"...the moment we got married, we realized the utter pointlessness of living a life in constant competition with man. Experiencing love convinced us that life was too precious to be spent chasing something that seemed to have little purpose beyond being a means to satisfy the dream of eventual happiness, something that we could already enjoy in our love for each other. And as we grew in our understanding of God's love for us, it made us even more bewildered about our previous desires to become richer, smarter, or better looking than the people around us.
So we have both left our "promising" careers behind, satisfied that we no longer have any desire for what they promised."

Thanks to Scotsman Adam Smith (died 1790), our economies are built on the basic premise that everything proceeds and is governed by self-interest and competition; that is, we act for our own gains and we improve what we do because we don't want to lose the ability to work/sell/buy...it is the survival of the fittest in economic terms - except - by now, we must come to realise that while he isn't totally wrong; competition favours those with resources to begin with.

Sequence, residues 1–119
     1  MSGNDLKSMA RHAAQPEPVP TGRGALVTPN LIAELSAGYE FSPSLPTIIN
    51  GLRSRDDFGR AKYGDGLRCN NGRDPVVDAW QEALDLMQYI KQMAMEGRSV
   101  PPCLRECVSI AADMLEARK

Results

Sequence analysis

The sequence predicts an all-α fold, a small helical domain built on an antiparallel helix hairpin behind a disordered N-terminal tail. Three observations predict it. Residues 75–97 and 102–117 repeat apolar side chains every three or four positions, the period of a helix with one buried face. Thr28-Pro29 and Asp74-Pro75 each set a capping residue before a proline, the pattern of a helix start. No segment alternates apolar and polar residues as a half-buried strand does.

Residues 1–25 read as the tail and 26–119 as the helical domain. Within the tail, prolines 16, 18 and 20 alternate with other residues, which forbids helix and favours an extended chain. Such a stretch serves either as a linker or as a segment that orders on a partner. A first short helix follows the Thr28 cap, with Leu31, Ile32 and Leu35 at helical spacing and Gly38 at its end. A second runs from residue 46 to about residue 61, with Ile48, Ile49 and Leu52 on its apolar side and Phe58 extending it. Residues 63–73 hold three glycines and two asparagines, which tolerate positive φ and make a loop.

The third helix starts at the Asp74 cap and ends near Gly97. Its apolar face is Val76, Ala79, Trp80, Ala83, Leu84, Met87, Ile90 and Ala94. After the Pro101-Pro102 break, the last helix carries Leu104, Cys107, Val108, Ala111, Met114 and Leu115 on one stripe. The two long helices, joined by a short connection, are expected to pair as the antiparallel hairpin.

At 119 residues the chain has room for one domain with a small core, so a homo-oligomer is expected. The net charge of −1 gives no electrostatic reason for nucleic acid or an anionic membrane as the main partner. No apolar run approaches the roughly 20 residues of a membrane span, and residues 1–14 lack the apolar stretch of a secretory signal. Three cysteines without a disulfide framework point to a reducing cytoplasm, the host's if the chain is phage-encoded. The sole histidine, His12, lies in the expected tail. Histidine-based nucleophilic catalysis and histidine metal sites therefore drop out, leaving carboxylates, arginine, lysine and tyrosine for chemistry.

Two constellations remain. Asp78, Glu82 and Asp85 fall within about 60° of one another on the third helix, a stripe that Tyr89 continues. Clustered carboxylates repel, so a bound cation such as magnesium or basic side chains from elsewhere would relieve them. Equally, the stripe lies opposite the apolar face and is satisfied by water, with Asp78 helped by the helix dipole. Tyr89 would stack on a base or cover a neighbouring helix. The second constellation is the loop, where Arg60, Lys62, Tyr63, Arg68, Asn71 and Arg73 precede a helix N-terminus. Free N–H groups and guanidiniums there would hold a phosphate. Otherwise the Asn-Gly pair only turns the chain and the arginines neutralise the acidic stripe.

One of Singapore's core values is meritocracy; and many of us are children of this wonderful value that has allowed us to become socially and economically mobile. But as a nation, we realise too that we no longer begin at the same starting line these days. While disparity and inequality has always existed, the gap is so large these days, it's as if we hark back to feudal days of dismal poverty versus extreme displays of wealth.

We were watching TV the other night and CNA ran two adverts back to back: India's Stolen Generation showed a young lady speaking of rape, images of children being herded while an activist declares that child disappearances are a daily occurrence. Immediately after that came an advertisement about a travel show, the hosts hamming it up and plying the good life. I muttered to my mighty teen, "this doesn't feel right", and she replied, "this is the world what".